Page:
A New Toy

April 18th, 2010

By Tom Carter

As the old saying goes, “The difference between men and boys … is the price of their toys!”  OK, fine.  So I finally got a new toy that I’ve had on my mind for quite a while — a GPS navigation system for my car.

After some comparison shopping, I settled on a Mio M400. It’s made in Taiwan and has fairly good reviews.  It isn’t the top of the line, but you don’t have to take out a second mortgage to buy it, either.  The display is 4.3 inches diagonal, which isn’t the biggest you can get, but it’s big enough.

This GPS came with European maps installed, which you have to pay to have updated, naturally.  But if you’re not careful, you can get one that doesn’t have maps or only partial maps, and the additional cost of buying the map software can be significant.

My GPS came with two English voices installed, both of them Brits.  The woman we named Prudence, or Pru, because of her rather self-satisfied manner and school-marmish instructions (apologies to real-life Prudences out there).  The man fairly quickly became Jeffrey, named after the character in the British TV series Coupling because he’s something of a doofus.

We auditioned both Pru and Jeffrey and finally settled on Pru, mainly because she gets less frustrated and dictatorial when you don’t do what she tells you to do.  Who wants to get pushed around and upbraided in their own car?

I’m hoping to find some more voices, like James Earl Jones and Melanie Griffith, if they’ve sold out-out their voices for GPS.  Who wouldn’t listen to Darth Vader when he says, “Turn right!”?  And who wouldn’t be soothed by the voice of Melanie Griffith?

We just took the GPS on its maiden voyage, a trip from Belgrade, Serbia to Zagreb, Croatia.  It’s a route we’ve driven a number of times in the past, and it’s a pretty simple straight shot with four-lane divided highways all the way.

How did it go?  Not so great — a few problems.  Going from the start point to the destination worked OK.  But I added a couple of “via points” along the way, and that seemed to confuse Pru immensely.  For example, the first via point was the Serbia-Croatia border.  It was pin-pointed with longitude-latitude data from Google Earth, which worked well on a number of other locations.  But not this one.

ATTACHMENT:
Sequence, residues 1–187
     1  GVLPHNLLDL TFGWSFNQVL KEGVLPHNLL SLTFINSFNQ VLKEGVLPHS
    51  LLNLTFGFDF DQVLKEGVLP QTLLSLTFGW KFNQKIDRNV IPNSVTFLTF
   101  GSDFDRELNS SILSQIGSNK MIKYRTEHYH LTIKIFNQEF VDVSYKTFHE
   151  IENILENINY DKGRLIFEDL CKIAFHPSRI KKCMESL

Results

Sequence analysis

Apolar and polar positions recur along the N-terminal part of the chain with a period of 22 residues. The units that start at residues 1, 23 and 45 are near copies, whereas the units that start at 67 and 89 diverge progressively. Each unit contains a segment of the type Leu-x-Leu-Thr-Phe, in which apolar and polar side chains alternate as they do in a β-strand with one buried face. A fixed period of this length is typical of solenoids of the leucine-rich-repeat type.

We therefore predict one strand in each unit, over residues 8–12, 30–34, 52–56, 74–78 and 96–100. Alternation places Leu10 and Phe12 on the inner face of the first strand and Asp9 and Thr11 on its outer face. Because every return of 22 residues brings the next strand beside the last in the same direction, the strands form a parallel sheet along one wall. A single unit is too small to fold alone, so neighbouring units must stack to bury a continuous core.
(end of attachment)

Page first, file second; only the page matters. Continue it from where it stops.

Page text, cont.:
Not only did Pru not know where the border was, but after crossing into Croatia she kept trying to make us turn left and head toward the Bosnian border, which we weren’t much inclined to do.  She finally gave up, re-calculated the route on her own, and took us to the destination (a specific building in Zagreb).  But she wasn’t happy about it.

She did a better job on the way back, at least in the beginning.  She found the border, but after that she got confused and went a little bonkers.  Then she settled down and did a good job after we re-programmed her.  Maybe she was just having first-trip jitters.

Like every new electronic toy I get, I spend hours or even days trying to figure out how to make the darned thing work.  The manuals, of course, are not much use, and neither is the Mio desktop browser you have to install on your computer.  I still have work to do on this new toy, and as my traveling companion observed, Pru’s problems may have been caused by the age-old problem of GIGO — my fault, of course.  Maybe so; we’ll see.

Meanwhile, I’m a bit concerned that the GPS may join my PDA, near the back of a desk drawer, never used after several frustrating days figuring out how it worked.  O tempora o mores!

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3 Responses to “A New Toy”

  1. larry |

    What the heck Tom!!
    You and I are from a different era. Having lived before GPS, we old people tend to forge onward relying on dead reckoning and moss growing on the north side of a tree trunk. Little gadgets that beep and display ghostly images don’t exactly instill a great deal of confidence in us. On the other hand, if you’ve never known life without computers and Game Boy, there’s little chance you would have noticed the failure of the GPS unit.
    I too have a drawer reserved for expensive gadgets that failed to measure up. My grand kids are amazed at the perfectly good electronic gadgets that I have stashed away in said drawer.

  2. Andrea |

    Boy toy with Pru’s voice – what else would a man want? It was fun to listen to her complain about the border crossing 🙂

  3. Tom |

    Andrea, I see what you mean. But honestly, don’t you think Pru is kind of a pain in the posterior? I’d prefer Melanie Griffith, Mae West, or Lauren Bacall. Maybe Greta Garbo, but she’d probably refuse to say anything except “I vant to be alone!”

    Larry, the first thing we learned in pilot training, as I’m sure you remember, was dead-reckoning navigation. Also, one useful technique was going down to check the name of a small town on its water tower. But as I became exposed to more and better electronic nav systems, I got hooked. I love the technology, but it needs to be useful and it really ought to work. When the GPS couldn’t find a border crossing after being told where it was down to a gnat’s rear, I was disappointed. Probably operator error, I’ll admit….

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